Amazon workers strike, logistics gets bad reviews
Amazon may have been caught off guard by the surge in demand.
In late March, some employees at amazon’s Staten island warehouse went on strike because they couldn’t keep a safe distance during deliveries, they said, for fear of contracting a virus. They asked the company to close the warehouse and clean and disinfect it.
The surge in orders has been met by labor strikes and delivery delays. Amazon, which has long been regarded as a model of service and logistics, has received bad reviews when it comes to delivery.
Users reported that two-day delivery felt more like “one-day delivery” and that many items seemed to have become permanently “unpurchasable”. The punctuality of online shopping has completely lost its guarantee.
In the United States, drone delivery, the business performance of the back than usual
In 2014, Google’s X division’s Project Wing launched its first drone delivery service, which was certified by the federal aviation administration late last year. The Wing has made tens of thousands of test flights since its first flight in Queensland, Australia.
This time around, Wing’s business has doubled. The number of customers using the drone delivery service has increased dramatically, with its Wing drone completing more than 1,000 deliveries, mainly of food and medicine, in the past two weeks.
Although drones have limited payloads, orders can be filled in minutes with drone deliveries.
After using the drone to deliver, the store’s sales performance exceeded the usual instead. At Mockingbird Cafe, a coffee shop, during its first weekend with Wing, the Wing drone sold 50 percent more pastries than it normally did at the store.
Amazon, United Parcel Service, and many small businesses are also experimenting with drone deliveries.
Japan: drone delivery of seafood arrives on the same day
In Japan, drones are also making deliveries. Unlike the United States, Japanese drones deliver local ingredients — seafood.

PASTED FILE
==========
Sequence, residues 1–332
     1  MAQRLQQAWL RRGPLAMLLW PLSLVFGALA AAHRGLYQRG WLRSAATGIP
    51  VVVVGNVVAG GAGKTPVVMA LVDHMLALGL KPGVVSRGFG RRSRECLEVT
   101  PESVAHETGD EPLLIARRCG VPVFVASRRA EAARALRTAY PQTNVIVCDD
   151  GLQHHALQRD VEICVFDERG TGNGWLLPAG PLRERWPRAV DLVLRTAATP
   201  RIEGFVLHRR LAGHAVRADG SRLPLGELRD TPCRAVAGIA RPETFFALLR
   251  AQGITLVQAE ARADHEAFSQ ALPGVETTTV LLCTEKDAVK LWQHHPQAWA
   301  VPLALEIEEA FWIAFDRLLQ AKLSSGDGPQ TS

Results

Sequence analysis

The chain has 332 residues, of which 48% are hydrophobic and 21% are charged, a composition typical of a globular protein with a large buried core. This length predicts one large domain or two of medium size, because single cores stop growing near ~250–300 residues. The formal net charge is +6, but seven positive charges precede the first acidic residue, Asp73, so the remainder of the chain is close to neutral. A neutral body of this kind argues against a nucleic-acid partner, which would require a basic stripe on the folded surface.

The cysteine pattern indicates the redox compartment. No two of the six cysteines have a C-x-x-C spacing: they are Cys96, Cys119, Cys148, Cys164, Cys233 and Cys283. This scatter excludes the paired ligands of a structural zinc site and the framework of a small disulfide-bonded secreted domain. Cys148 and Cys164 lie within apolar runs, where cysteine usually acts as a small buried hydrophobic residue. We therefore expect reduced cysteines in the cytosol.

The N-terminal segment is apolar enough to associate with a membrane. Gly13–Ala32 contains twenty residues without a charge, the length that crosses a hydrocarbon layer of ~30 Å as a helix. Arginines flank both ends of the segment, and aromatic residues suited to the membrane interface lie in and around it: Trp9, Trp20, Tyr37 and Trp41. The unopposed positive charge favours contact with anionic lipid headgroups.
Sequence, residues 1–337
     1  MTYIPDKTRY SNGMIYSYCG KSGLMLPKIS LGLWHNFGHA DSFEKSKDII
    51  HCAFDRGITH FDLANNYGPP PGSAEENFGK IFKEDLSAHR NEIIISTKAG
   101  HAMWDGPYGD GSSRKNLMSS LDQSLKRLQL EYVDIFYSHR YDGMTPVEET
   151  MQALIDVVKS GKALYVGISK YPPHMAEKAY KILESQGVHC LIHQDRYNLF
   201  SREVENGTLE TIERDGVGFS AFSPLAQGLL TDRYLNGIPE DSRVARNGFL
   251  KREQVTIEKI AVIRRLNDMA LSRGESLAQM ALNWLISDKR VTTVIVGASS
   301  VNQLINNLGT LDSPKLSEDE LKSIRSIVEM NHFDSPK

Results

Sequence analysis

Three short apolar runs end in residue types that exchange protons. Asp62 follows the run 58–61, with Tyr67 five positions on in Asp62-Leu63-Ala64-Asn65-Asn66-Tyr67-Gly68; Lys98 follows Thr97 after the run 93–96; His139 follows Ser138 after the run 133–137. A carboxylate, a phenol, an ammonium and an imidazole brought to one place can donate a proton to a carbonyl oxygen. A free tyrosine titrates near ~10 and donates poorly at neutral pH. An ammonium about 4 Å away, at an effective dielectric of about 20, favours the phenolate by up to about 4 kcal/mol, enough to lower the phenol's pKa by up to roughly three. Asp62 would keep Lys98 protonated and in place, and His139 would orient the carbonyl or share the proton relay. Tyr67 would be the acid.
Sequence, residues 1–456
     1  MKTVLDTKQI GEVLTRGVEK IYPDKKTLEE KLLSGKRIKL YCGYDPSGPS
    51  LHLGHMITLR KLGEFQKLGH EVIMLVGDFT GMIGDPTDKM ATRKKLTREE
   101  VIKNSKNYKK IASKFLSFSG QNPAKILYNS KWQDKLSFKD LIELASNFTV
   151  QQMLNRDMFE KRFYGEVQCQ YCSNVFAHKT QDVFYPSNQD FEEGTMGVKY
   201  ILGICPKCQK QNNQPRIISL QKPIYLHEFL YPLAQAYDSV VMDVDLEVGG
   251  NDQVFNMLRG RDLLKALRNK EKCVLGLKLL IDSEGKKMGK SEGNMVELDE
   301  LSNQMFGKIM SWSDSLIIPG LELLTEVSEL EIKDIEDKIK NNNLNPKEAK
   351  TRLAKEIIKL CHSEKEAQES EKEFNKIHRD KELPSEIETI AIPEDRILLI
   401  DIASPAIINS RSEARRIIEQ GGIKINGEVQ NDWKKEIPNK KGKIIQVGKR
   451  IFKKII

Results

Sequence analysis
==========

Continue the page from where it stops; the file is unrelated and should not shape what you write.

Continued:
Even during the COVID-19 epidemic, seafood did not lose its importance in Japan. Yamaha and Jal are now exploring the use of drones to deliver same-day seafood to customers in an effort to get them to eat the freshest seafood on time.
The two companies’ employees conducted a field test in February on the Japanese archipelago of Wujima.
The test began at the upper Beijing airport in Zhongtongdao, where they loaded 20 kilograms of freshly caught long-fanged groupers, among others, into an incubator and hung them under a Yamaha Fazer R G2 unmanned helicopter.
Designed for an autonomous flight out of sight, the Fazer R G2 is powered by a four-stroke fuel-injection engine and can carry a maximum payload of 35kg up to 2,800m.
The drone then took off and flew about 35 kilometers to Saikai on Kyushu island. After arriving at the destination, the case was removed from the drone and loaded onto a Japanese airline commercial flight to a restaurant in Tokyo.
The helicopter flew at an altitude of 100 meters and completed the journey from Zhongtong island to Kyushu in about 40 minutes.
By contrast, the same journey by car and ferry takes nearly three hours.
The drones take off and land by radio control from ground crews. Officials in Yamaha’s unmanned systems office monitor the progress of the drone’s flight using satellite-relayed video and other data.
In terms of the above cases, UAV delivery has exceeded manpower delivery in terms of efficiency, safety, and health. However, the restrictions on the payload and endurance time of UAV, as well as the requirements on the clearance of transportation site, etc. are still to be solved in the future.